Ask the Founder
VBF Announces "Ask The VBF Founder." Linda Rozell-Shannon is the leading lay expert (non doctor) in the world on the subject of vascular birthmarks.
Babies with Birthmarks™
Our newest program - guidelines for physicians to follow to diagnose and treat vascular birthmarks with the earliest intervention.
Recent Medical Papers and Research
Venous Malformation Information
Venous Malformations is an abnormality of the larger, deep venins and is often called a "hemangioma." Some actually look like hemangiomas but a good history will reveal whether or not the lesion is a hemangioma or vascular malformation. A venous malformation can be deep or superficial, localized or diffused. The closer the vessels are to the surface, the deeper the color to the eye. A very deep lesion will have no color but will show a protruding mass. The jaw, cheek, tongue and lips are common sites for a venous malformation. These lesions are soft to the touch, the color disappears and empties as the lesion is compressed. When the child cries or is lying down, the lesion expand, the vessels fill and the color becomes more intense. The natural history is a slow-steady enlargement. Regardless of how small it is upon detection, it will grow. Certain things can cause them to grow more rapidly such as serious sickness, trauma, infection, hormone changes (puberty, pregnancy, menopause). Partial removal is not recommended since these lesions will just grow back.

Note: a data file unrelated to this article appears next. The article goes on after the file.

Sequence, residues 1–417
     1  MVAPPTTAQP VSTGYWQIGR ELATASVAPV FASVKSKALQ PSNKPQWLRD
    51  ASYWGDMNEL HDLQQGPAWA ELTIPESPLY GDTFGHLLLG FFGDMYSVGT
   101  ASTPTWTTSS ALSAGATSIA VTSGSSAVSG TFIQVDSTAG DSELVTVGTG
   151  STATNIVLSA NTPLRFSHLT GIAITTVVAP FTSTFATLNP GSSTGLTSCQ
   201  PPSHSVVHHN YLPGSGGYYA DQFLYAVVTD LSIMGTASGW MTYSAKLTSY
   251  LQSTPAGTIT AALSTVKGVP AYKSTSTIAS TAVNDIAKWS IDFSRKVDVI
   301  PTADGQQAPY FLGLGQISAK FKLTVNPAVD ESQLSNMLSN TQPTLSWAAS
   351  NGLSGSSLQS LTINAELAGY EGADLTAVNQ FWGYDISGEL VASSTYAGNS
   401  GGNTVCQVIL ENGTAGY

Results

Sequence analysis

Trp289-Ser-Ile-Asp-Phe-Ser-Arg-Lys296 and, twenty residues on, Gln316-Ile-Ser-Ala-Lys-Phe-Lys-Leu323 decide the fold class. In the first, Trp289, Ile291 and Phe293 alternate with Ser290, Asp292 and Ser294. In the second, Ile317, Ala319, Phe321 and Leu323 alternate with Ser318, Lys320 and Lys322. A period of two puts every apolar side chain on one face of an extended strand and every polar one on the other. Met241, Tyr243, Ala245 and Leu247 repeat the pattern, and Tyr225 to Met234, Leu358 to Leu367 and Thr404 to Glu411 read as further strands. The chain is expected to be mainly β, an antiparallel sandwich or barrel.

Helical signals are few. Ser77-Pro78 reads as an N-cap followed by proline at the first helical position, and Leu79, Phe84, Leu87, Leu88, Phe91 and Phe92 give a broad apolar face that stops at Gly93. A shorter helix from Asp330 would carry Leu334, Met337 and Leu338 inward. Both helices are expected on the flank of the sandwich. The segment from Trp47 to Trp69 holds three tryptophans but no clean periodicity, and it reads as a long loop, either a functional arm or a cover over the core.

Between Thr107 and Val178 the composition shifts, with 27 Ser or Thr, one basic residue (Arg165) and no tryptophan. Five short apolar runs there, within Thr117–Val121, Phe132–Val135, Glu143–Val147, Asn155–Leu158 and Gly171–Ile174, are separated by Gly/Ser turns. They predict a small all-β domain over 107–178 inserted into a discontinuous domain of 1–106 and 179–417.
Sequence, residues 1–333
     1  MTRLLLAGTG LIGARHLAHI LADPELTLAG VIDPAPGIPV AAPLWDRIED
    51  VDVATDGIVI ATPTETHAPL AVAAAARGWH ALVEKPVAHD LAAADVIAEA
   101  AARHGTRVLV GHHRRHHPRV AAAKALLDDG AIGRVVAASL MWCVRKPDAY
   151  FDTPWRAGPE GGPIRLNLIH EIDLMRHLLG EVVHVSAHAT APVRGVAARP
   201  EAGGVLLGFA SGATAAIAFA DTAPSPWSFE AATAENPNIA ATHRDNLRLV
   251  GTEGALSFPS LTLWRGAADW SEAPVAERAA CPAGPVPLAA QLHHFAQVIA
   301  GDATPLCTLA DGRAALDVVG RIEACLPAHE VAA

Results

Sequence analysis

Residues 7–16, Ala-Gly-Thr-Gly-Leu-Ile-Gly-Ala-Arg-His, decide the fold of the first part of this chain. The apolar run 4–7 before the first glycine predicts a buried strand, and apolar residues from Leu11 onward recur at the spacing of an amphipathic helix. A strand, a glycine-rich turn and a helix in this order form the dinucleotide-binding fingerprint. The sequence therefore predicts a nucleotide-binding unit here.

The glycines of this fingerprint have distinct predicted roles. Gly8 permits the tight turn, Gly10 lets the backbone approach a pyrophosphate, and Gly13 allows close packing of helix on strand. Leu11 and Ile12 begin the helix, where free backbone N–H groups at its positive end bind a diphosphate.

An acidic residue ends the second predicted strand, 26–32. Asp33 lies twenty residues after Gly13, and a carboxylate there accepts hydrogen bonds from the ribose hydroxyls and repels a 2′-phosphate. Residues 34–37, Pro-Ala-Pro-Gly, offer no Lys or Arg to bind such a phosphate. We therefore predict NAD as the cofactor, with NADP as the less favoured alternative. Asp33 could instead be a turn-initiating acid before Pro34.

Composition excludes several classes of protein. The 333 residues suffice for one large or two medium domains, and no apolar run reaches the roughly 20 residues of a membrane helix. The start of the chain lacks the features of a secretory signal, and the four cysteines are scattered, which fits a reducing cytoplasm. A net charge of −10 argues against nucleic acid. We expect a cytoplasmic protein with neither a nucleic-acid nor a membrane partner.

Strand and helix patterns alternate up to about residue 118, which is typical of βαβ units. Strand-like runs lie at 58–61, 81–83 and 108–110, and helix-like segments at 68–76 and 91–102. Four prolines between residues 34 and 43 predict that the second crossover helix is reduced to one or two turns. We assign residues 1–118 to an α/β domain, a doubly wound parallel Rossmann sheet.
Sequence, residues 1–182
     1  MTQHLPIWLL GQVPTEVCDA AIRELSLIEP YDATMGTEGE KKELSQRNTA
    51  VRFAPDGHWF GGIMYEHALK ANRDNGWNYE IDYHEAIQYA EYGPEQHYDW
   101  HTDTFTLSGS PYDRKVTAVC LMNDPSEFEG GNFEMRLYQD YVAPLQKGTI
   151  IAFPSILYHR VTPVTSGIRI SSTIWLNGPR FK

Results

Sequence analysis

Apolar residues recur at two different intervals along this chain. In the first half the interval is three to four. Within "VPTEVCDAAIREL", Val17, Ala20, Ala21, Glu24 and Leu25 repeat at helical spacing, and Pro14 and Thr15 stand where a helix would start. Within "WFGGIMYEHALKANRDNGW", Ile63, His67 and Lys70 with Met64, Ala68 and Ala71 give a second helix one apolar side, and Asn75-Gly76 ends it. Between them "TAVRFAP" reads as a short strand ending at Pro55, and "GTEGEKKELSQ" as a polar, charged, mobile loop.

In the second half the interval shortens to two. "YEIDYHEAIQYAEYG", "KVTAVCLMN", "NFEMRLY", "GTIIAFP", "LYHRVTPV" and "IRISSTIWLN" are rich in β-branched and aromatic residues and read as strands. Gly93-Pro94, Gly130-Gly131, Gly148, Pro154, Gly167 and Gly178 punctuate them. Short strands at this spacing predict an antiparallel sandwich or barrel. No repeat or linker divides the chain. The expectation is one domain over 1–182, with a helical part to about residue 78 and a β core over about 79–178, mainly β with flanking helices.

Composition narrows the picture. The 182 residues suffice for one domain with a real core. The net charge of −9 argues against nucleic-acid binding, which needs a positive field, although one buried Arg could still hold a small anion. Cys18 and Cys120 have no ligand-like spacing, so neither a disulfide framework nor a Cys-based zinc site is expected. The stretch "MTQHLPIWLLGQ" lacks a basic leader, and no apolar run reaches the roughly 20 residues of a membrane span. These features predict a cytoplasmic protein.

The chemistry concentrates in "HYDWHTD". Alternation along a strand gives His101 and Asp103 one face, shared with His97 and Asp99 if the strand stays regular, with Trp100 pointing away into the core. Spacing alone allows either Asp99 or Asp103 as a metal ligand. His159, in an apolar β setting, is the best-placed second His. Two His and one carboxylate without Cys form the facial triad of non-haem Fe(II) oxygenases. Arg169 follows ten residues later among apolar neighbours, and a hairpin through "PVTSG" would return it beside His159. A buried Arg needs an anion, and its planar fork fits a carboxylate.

Lymphatic Malformations used to be called cystic hygroma, hemangiolymphangioma, or lymphangiomas. The lymphatics serve as a collection and transfer system for tiisue fluids. When something disturbs this system, a lymphatic malformation is formed. The excess fluid accumulates and the affected lymphatic vessels enlarge and you see a mass. If the lymph vessels in the face are affected, the face swells because the normal active transport mechanism has been disturbed. These lesions can occur anywhere but are common in the head and neck area. These lesions may be superficial or deep (superficial ones are seen in the mouth area and look like frogs eggs) . These lesions increase or grow with the individual. They may enlarge following an upper respiratory infection.
Arteriovenous Malformations are always present at birth but are usually not noticed until later in life. Sometimes they do not appear until adulthood. Defective blood flow has been associated with these lesions. As the lesion ages, the vessels enlarge and thicken to compensate for the increased blood supply. There are two grades: low and high. Low grade grow slowly with the child and high grade expand rapidly, growing faster than the child until the lesion may eventually become life threatening. An AV malformation is a firm mass. Common sites are the lips and other head and neck areas. Mixed malformations include a combination of two or more vascular lesions.
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Chapters of the VBF
Anomalie Vasculaire Site for French speakers worldwide, and friend of VBF that offers support and information about vascular birthmarks
Publications for Parents:
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